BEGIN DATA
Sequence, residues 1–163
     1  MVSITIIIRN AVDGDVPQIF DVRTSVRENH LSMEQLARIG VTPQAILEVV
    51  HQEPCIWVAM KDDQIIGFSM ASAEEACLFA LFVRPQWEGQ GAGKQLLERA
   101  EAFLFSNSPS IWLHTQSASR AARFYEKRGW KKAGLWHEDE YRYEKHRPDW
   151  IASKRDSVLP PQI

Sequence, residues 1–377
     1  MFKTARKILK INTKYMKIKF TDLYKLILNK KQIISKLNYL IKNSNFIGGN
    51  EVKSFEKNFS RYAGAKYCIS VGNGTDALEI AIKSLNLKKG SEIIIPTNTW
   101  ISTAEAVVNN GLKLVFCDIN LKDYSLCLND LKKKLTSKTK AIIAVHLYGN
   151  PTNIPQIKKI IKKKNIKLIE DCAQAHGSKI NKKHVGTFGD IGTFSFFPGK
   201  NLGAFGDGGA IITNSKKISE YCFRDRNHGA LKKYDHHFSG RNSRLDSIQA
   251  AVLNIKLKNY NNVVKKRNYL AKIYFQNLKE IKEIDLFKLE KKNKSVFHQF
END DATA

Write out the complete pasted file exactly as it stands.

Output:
Sequence, residues 1–163
     1  MVSITIIIRN AVDGDVPQIF DVRTSVRENH LSMEQLARIG VTPQAILEVV
    51  HQEPCIWVAM KDDQIIGFSM ASAEEACLFA LFVRPQWEGQ GAGKQLLERA
   101  EAFLFSNSPS IWLHTQSASR AARFYEKRGW KKAGLWHEDE YRYEKHRPDW
   151  IASKRDSVLP PQI

Sequence, residues 1–377
     1  MFKTARKILK INTKYMKIKF TDLYKLILNK KQIISKLNYL IKNSNFIGGN
    51  EVKSFEKNFS RYAGAKYCIS VGNGTDALEI AIKSLNLKKG SEIIIPTNTW
   101  ISTAEAVVNN GLKLVFCDIN LKDYSLCLND LKKKLTSKTK AIIAVHLYGN
   151  PTNIPQIKKI IKKKNIKLIE DCAQAHGSKI NKKHVGTFGD IGTFSFFPGK
   201  NLGAFGDGGA IITNSKKISE YCFRDRNHGA LKKYDHHFSG RNSRLDSIQA
   251  AVLNIKLKNY NNVVKKRNYL AKIYFQNLKE IKEIDLFKLE KKNKSVFHQF